Provisional Tax. Love it or loathe it, it’s not going away any time soon. So it makes sense to understand it and work with it.
“Why do I have to pay Provisional Tax?” is one of the most common questions I am asked day-to-day by my customers. Those new to business ask it because they genuinely don’t know what it is and want to understand the what and the why of Provisional Tax.
For those experienced in business, the question tends to come out of exasperation with the process.
So what exactly is provisional tax?
Before I answer that, let me first give you…
3 good reasons to understand how Provisional Tax works
- Avoid late payment penalties: Paying your provisional tax on time saves you wasting money on avoidable penalties.
- Avoid paying unnecessary interest: It’s crucial that you know what your tax obligation will be for the year. If it is significantly higher than your Provisional Tax allowed for, you might be charged interest. That hurts.
- Conserve your cash flow: If your circumstances have changed and the amount of tax you will need to pay for the year is going to be significantly lower than your Provisional Tax allowed for, you might have the opportunity to restate what you should pay as Provisional Tax. That conserves your cash flow in the short term.
The thinking behind Provisional Tax
The first thing to understand is that Provisional Tax is not a separate or additional tax to income tax. It’s simply the name given to paying that income tax in advance.
Why would you want to pay income tax ahead of time?
Well, it’s simply the mechanism Inland Revenue has in place so that you pay your income more in line with when you earn it. That makes sense in many ways. It’s better than being hit with a massive tax bill all at once each year, months after the end of the financial year.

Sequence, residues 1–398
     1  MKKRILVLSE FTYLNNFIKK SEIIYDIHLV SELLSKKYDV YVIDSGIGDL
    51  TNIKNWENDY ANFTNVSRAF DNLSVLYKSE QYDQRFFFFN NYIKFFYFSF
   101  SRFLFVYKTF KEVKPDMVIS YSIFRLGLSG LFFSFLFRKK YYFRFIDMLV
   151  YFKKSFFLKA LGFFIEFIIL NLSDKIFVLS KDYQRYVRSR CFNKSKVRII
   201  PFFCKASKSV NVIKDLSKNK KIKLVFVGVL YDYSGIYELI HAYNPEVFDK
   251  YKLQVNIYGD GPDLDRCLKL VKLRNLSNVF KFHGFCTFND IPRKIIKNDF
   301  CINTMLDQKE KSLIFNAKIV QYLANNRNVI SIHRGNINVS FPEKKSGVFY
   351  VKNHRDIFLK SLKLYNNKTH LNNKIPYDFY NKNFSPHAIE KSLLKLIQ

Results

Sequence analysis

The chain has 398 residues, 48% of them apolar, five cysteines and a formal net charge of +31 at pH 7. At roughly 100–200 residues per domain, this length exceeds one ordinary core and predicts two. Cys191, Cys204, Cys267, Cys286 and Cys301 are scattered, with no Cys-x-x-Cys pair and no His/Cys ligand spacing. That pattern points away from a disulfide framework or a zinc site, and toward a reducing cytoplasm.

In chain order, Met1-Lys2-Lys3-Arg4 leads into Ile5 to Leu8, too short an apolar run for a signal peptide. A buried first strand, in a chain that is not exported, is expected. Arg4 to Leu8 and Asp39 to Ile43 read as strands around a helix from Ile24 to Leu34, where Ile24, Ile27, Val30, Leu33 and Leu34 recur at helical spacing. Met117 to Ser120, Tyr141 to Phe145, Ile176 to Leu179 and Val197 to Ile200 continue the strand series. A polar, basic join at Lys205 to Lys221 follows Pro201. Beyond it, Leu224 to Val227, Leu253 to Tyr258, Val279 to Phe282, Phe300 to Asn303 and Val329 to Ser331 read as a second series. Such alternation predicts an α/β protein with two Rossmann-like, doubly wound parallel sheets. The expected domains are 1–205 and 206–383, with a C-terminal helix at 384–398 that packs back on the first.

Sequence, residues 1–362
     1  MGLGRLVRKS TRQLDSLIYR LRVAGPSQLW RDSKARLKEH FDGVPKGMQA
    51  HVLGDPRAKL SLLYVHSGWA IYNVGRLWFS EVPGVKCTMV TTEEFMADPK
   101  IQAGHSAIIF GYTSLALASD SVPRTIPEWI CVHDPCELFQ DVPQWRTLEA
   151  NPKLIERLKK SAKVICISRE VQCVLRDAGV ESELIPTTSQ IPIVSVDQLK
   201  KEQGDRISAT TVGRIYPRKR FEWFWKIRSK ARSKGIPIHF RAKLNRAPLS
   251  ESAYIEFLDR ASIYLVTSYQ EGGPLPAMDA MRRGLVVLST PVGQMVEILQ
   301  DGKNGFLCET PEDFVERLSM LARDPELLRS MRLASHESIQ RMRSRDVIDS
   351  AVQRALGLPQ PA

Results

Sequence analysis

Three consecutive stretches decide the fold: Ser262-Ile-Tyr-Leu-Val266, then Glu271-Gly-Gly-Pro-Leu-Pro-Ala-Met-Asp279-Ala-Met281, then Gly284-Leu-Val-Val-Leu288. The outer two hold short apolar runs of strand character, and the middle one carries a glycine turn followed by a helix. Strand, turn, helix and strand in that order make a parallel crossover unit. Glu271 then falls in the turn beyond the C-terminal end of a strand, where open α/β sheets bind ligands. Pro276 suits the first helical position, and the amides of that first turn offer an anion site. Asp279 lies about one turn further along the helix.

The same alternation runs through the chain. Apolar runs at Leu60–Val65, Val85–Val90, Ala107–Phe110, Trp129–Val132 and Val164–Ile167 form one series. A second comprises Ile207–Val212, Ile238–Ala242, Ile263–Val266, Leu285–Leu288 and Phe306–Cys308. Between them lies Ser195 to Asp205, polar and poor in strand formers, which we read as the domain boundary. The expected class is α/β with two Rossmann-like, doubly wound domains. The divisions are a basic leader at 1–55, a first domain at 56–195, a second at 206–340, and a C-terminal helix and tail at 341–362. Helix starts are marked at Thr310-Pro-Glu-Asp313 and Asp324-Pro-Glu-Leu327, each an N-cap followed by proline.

The reason it’s called ‘Provisional’ Tax is that what you pay is “suitable or acceptable in the existing situation but subject to change”.
So, in many ways, the requirement to pay Provisional Tax is useful. It helps you avoid cash flow crises and being left unable to pay your tax—because if you end up in that situation, it’s not pretty.
4 common questions about Provisional Tax
- Who has to pay Provisional Tax?
You have to pay Provisional Tax regardless of your business structure: Sole Traders, Individuals and Companies all need to pay Provisional Tax.
- Is there a threshold amount of tax that triggers Provisional Tax?
Yes. If your end of year tax bill looks like being over $2,500, you have to pay Provisional Tax.
- How often do you need to pay Provisional Tax?
The timing depends on your end of year date and your GST filing frequency. Your circumstances will determine this, but as a guide, generally people pay Provisional Tax 3 times a year.
- Are any changes coming to Provisional Tax?
Yes. April 1, 2018 brings some changes to the Provisional Tax regime. Some penalty charges and some interest thresholds will change. This will alleviate some of the pressure on small businesses to get everything right.
There will also be changes to the frequency some people will be able to pay Provisional Tax.
These changes are being made to help taxpayers meet their Provisional Tax obligations easier than they have been in the past.
It’s complicated. Seek advice.
Provisional Tax is a complicated area and it can be extremely costly—and stressful—if you fail to properly plan and get it right. Seek advice.